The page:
As of 1st September 2021, forecourts across the country have made the change from E5 to E10 fuel, in a bid to reduce CO2 emissions. But what does that mean for you and your garden machinery?
Put simply, E10 fuel is perfectly fine to use in garden machinery providing it isn't left in the machine for more than 3-4 weeks; you may also refer to the information below from specific brands, although it is generally the same across all petrol engines.
If you are unsure, you can continue using E5 fuel by purchasing super unleaded petrol from forecourts, or you can buy a fuel called Aspen which is longer-lasting (not available for shipping due to courier constraints).
E5 petrol contains up to 5% renewable ethanol whereas E10 petrol contains 10% renewable ethanol. Ethanol can be bad for your engine if left, causing corrosion to fuel components and attracting water, which subsequently can lead to all sorts of issues. These risks are increased with the jump from E5 to E10 fuel, but it is okay to use E10 fuel as long as it isn't left in machinery for more than 3-4 weeks maximum.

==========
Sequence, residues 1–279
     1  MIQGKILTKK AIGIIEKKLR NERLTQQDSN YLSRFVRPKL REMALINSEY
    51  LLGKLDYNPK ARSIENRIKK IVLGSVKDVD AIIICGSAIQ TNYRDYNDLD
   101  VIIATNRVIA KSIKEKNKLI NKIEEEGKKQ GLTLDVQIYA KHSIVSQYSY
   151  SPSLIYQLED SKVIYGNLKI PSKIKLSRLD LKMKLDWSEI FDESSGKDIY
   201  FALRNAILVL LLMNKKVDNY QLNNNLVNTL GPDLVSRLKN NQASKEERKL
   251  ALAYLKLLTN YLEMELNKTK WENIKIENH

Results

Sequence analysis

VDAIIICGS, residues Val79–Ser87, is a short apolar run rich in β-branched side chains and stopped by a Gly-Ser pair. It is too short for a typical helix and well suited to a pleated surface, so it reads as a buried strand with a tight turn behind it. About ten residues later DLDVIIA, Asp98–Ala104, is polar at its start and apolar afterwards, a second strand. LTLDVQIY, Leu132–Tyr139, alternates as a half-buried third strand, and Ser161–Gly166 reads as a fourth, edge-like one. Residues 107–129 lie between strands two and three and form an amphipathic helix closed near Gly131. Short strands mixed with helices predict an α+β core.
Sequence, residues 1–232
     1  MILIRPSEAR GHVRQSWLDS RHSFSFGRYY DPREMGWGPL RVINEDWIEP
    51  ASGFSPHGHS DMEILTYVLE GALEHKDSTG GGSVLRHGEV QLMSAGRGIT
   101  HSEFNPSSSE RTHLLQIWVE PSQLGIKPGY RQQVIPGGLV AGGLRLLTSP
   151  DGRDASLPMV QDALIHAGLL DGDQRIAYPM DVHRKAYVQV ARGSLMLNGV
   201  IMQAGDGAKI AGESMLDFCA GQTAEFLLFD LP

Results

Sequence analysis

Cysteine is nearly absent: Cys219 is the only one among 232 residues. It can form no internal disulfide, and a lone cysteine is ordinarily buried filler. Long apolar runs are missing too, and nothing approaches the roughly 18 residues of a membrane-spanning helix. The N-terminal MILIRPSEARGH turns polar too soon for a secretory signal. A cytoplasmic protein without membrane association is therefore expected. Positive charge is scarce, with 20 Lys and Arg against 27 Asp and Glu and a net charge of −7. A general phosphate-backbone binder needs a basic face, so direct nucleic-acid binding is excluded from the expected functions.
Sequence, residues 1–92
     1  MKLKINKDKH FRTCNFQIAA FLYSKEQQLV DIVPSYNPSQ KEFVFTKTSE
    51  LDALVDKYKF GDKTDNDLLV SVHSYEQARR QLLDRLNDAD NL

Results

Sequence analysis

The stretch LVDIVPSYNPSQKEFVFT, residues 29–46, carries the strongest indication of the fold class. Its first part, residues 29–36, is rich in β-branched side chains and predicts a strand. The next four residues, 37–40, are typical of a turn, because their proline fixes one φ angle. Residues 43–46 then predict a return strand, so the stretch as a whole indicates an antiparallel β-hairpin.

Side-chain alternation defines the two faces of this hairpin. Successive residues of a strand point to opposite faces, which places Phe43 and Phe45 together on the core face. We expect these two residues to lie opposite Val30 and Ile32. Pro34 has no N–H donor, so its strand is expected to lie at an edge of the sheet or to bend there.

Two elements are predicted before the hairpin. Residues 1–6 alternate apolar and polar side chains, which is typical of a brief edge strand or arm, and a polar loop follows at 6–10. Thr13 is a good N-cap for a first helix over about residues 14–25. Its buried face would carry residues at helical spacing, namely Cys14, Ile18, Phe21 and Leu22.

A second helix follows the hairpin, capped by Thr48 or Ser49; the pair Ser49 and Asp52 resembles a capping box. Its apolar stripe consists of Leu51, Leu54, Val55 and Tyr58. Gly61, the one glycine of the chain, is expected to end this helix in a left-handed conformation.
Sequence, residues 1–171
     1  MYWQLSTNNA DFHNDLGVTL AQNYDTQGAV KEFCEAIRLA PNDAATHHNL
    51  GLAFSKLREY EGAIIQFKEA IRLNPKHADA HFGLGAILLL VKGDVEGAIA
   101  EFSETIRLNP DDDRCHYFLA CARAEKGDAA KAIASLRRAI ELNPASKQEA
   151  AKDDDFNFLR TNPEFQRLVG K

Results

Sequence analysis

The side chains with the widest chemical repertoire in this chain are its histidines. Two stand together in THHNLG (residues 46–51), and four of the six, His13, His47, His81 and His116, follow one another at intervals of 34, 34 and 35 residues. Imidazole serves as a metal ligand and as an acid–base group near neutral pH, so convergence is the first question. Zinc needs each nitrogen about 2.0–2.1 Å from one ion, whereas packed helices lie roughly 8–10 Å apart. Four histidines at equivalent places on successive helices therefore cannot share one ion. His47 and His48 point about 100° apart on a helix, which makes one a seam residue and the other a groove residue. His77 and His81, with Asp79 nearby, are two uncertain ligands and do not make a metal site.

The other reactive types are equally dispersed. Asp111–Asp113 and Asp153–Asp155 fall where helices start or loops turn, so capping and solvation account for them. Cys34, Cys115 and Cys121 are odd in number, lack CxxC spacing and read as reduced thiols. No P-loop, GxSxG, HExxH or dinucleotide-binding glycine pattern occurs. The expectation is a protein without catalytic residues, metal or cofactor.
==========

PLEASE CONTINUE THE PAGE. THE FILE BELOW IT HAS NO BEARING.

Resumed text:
Briggs & Stratton Petrol Engines - E10 Fuel
Briggs & Stratton overhead-valve and side-valve engines can both use up to, and including, 10% ethanol petrol.
Always use clean, fresh, unleaded petrol with an octane rating of at least 77 for side-valve engines or at least 85 for overhead-valve engines. We recommend the use of Briggs & Stratton Fuel Fit petrol stabiliser to keep fuel fresh for up to 3 years. When using E10-95 petrol, the dosage should be increased by 25%.
Buy fuel in quantities that can be used within 30 days. This will ensure that the fuel is always fresh and that the volatility of the fuel matches the season. Do not mix petrol with oil.
NOTE: We recommend NOT using petrol containing more than 10% ethanol (E10) blend and this MUST be removed from the engine before storage. Methanol-containing petrol must also NOT be used.
Honda Petrol Engines
Click here to read Honda's fuel recommendations.